In a new study, researchers have combined “liquid biopsy”, epigenetic alterations and machine learning to develop a blood test to detect and classify cancer at its earliest stages.
The study was led by cancer scientists Dr. Daniel De Carvalho at Princess Margaret Cancer Centre, University Health Network.
The findings describe not only a way to detect cancer, but hold the promise of being able to find it earlier when it is more easily treated and long before symptoms ever appear.
A major problem in cancer is how to detect it early.
It has been a ‘needle in the haystack’ problem of how to find that one-in-a-billion cancer-specific mutation in the blood, especially at earlier stages, where the amount of tumor DNA in the blood is minimal.
By profiling epigenetic alterations instead of mutations, the team was able to identify thousands of modifications unique to each cancer type.
Then, they used a big data approach and applied machine learning to create classifiers able to identify the presence of cancer-derived DNA within blood samples and to determine what cancer type.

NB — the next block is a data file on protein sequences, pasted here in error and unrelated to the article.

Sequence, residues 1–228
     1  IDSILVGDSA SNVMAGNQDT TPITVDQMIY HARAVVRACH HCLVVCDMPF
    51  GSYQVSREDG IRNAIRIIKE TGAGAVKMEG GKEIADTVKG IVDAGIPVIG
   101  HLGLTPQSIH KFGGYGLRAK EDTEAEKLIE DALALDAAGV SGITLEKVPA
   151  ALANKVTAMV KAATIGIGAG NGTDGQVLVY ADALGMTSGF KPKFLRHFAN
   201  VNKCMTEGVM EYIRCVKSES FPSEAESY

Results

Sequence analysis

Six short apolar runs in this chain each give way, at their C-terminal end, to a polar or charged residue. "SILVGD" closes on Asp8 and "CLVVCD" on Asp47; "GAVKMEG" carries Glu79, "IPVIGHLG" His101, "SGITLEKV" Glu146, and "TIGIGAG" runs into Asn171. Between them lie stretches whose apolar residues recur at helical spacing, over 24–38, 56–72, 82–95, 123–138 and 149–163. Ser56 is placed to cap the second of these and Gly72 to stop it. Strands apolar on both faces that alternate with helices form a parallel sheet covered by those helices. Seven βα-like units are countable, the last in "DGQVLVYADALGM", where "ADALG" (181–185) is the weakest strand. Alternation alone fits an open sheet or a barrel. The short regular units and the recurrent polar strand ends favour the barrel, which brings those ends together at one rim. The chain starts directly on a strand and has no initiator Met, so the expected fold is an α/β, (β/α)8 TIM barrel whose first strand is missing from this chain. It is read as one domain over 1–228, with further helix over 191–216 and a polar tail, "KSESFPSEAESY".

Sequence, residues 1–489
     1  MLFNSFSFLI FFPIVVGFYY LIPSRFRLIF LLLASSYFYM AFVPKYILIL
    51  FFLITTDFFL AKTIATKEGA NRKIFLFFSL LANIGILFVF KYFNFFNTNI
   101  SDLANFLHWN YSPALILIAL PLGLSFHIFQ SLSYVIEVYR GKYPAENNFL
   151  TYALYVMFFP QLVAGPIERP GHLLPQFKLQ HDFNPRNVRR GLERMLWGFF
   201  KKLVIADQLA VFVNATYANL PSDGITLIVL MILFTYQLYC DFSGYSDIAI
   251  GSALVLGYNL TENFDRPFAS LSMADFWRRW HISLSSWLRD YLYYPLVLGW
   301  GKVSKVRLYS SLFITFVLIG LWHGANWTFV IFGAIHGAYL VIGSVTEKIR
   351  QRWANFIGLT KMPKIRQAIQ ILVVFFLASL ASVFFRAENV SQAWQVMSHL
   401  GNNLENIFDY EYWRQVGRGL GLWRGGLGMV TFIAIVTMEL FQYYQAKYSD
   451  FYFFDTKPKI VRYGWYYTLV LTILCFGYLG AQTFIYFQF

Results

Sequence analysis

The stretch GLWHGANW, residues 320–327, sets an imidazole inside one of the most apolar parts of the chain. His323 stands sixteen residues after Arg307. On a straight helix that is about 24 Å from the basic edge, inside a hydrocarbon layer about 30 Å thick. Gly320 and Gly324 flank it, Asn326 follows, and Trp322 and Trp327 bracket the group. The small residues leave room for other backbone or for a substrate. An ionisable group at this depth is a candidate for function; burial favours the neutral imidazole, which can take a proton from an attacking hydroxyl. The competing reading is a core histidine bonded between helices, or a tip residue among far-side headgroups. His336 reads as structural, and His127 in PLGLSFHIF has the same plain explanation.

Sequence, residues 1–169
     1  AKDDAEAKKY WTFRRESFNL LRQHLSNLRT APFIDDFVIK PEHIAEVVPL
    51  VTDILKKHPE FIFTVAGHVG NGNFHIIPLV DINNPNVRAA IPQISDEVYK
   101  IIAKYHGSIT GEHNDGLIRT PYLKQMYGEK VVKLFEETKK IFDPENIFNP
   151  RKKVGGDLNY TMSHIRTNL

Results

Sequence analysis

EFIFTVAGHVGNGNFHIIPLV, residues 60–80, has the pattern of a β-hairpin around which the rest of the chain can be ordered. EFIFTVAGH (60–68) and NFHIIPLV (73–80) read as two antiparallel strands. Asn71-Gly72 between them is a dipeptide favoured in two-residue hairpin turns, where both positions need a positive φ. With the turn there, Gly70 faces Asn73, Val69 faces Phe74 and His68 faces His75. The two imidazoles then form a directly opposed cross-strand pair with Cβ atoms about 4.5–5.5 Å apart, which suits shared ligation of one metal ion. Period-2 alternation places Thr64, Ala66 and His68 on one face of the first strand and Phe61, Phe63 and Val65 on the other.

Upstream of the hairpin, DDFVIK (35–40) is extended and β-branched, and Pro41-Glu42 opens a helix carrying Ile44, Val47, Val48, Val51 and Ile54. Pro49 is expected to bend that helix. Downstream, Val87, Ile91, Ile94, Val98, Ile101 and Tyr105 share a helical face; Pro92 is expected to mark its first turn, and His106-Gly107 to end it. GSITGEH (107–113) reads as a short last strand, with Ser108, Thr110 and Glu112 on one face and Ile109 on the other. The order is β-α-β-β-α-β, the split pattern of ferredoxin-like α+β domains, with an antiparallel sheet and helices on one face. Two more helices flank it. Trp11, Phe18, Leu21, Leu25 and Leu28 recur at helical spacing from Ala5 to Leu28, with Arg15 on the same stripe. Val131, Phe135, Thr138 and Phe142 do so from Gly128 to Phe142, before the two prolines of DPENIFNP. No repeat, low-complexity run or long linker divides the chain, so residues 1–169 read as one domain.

This basically turns the ‘one needle in the haystack’ problem into a more solvable ‘thousands of needles in the haystack’, where the computer just needs to find a few needles to define which haystack has needles.
The researchers tracked the cancer origin and type by comparing 300 patient tumor samples from seven disease sites (lung, pancreatic, colorectal, breast, leukemia, bladder and kidney) and samples from healthy donors with the analysis of cell-free DNA circulating in the blood plasma.
In each sample, the “floating” plasma DNA matched the tumor DNA.
The team has since expanded the research and has now profiled and successfully matched more than 700 tumor and blood samples from more cancer types.
Their next steps to further validate this approach include analyzing data from large population health research studies already underway in several countries, where blood samples were collected months to years before cancer diagnosis.
Then the approach will need to be ultimately validated in prospective studies for cancer screening.
The findings are published in Nature.
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